Another Opportunity for Small
I began holding “Writing Workshops” with my granddaughters as soon as the Shelter-In-Place orders hit, and have continued this summer, though modified and less frequently. Last Wednesday, for example, we collaborated on writing a “graphic story” on the sidewalk in front of their house, each one of us successively adding a sentence to the plot, as well as drawing a chalk illustration for our sentences. The plot, as far as we got, went something like this: Two sisters were stuck inside the house. They didn’t like being stuck inside. But it was raining so they couldn’t go outside. They were bored. They had nothing they wanted to do inside the house. They were tired of all their puzzles and games.
In addition to the illustrations under each sentence, we created a border for every sidewalk square, framing each segment of the story and its illustration in colorful configurations of lines and curves. We had a lot of fun sitting on the warm concrete, thick pieces of pastel chalk in our hands, collaborating on the plot and the illustrations, the sun shining down on us, neighbors walking their dog, clearing a swath around us and smiling as they passed.
After about 45 minutes, the girls had had enough of sitting mostly still and concentrating, so I decided to shift activities and teach them something about small. I selected one of the flowering plants in their garden for us to admire. Once we had all discussed what made that particular plant beautiful, each of us picked a flower from that plant. “Look at that flower for a minute and notice one small detail you find lovely,” I told them.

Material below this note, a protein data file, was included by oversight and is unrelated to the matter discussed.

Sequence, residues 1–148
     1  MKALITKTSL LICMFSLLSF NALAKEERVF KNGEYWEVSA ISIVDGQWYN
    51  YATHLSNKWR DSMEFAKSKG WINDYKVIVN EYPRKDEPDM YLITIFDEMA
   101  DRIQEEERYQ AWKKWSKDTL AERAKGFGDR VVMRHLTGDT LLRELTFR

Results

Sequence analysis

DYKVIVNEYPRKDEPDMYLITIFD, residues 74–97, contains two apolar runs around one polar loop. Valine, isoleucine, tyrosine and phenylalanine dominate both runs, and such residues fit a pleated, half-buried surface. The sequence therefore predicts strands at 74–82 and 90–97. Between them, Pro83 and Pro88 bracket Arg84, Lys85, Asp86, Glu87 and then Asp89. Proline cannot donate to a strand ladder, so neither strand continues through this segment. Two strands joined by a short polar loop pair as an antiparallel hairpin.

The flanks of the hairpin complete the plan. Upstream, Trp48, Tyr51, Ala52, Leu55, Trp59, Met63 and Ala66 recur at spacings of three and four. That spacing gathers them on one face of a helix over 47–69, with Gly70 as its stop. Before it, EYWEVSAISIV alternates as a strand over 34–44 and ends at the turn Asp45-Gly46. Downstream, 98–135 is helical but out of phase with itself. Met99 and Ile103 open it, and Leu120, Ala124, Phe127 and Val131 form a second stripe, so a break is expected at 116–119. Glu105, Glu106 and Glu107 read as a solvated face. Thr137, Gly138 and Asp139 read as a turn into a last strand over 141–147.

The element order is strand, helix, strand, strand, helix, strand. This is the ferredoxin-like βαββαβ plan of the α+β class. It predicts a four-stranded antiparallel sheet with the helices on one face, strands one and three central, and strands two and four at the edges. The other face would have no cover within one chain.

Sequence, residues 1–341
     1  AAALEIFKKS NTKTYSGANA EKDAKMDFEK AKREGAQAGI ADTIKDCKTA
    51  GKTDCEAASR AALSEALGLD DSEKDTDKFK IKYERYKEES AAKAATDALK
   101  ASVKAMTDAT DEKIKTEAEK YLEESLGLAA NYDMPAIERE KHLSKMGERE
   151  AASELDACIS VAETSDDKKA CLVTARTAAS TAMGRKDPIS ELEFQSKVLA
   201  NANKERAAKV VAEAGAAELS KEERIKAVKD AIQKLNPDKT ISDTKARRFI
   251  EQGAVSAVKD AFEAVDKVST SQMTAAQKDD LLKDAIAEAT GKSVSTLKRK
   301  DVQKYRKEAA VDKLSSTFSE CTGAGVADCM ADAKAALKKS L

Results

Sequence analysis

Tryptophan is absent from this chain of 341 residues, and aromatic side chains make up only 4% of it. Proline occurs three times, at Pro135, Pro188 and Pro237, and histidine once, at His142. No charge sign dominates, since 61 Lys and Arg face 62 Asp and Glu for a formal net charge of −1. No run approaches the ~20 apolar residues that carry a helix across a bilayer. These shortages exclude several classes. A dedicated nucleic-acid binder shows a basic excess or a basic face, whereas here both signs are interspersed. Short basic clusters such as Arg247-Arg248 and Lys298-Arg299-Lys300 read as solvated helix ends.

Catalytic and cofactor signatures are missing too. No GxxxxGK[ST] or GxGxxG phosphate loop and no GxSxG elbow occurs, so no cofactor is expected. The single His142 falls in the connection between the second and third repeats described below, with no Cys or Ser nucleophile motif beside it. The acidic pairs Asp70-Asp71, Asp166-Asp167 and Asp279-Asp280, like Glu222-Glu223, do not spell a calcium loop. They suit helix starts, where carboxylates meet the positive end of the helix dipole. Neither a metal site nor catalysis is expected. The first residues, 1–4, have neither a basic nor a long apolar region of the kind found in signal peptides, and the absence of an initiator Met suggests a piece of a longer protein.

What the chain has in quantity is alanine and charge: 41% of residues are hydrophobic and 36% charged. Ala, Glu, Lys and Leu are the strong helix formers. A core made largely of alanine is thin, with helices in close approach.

“It looks like lace around the edges,” seven-year-old Poppy announced.
“I see a slightly darker blue line down the middle of each petal,” eight-and-a-half-year-old Amelie offered.
“Look at the tiny bulge where the stem begins,” Poppy offered.
“The back side of the petal is lighter than the front,” Amelie observed.
“You know,” Poppy exclaimed, “I thought the plant was beautiful, but each tiny flower is even more beautiful than the whole plant.”
“Yes, and there’s lots to discover about each tiny flower!” Amelie added.
Not only was this a lovely lesson in small, it was also an opportunity to bone up on my botany. I googled “Anatomy of a Flower” on my phone, and the three of us were soon comparing the pistils, antlers, sepals and filaments on the rose, fuschia, dogwood and salvia blossoms in the garden.
As we stood several feet apart, masks covering our mouths and noses, outstretched hands cradling petals and whole blooms, I realized that this moment of discovering nature’s infinite beauty had been brought to me—to the three of us–by Covid 19.